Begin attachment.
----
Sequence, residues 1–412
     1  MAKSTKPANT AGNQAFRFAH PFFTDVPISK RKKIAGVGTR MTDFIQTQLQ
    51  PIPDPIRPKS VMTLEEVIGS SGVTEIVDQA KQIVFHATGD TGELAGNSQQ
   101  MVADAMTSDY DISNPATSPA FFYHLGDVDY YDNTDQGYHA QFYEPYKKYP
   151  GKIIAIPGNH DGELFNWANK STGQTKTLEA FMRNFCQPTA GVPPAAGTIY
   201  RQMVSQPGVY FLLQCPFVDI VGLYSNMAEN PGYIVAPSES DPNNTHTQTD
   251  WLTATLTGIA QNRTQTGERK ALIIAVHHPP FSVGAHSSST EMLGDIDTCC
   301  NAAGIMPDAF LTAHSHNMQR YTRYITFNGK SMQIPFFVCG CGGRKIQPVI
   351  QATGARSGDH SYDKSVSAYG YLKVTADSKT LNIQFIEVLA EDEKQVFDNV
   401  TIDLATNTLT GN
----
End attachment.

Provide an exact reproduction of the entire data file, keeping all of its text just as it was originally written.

Sequence, residues 1–412
     1  MAKSTKPANT AGNQAFRFAH PFFTDVPISK RKKIAGVGTR MTDFIQTQLQ
    51  PIPDPIRPKS VMTLEEVIGS SGVTEIVDQA KQIVFHATGD TGELAGNSQQ
   101  MVADAMTSDY DISNPATSPA FFYHLGDVDY YDNTDQGYHA QFYEPYKKYP
   151  GKIIAIPGNH DGELFNWANK STGQTKTLEA FMRNFCQPTA GVPPAAGTIY
   201  RQMVSQPGVY FLLQCPFVDI VGLYSNMAEN PGYIVAPSES DPNNTHTQTD
   251  WLTATLTGIA QNRTQTGERK ALIIAVHHPP FSVGAHSSST EMLGDIDTCC
   301  NAAGIMPDAF LTAHSHNMQR YTRYITFNGK SMQIPFFVCG CGGRKIQPVI
   351  QATGARSGDH SYDKSVSAYG YLKVTADSKT LNIQFIEVLA EDEKQVFDNV
   401  TIDLATNTLT GN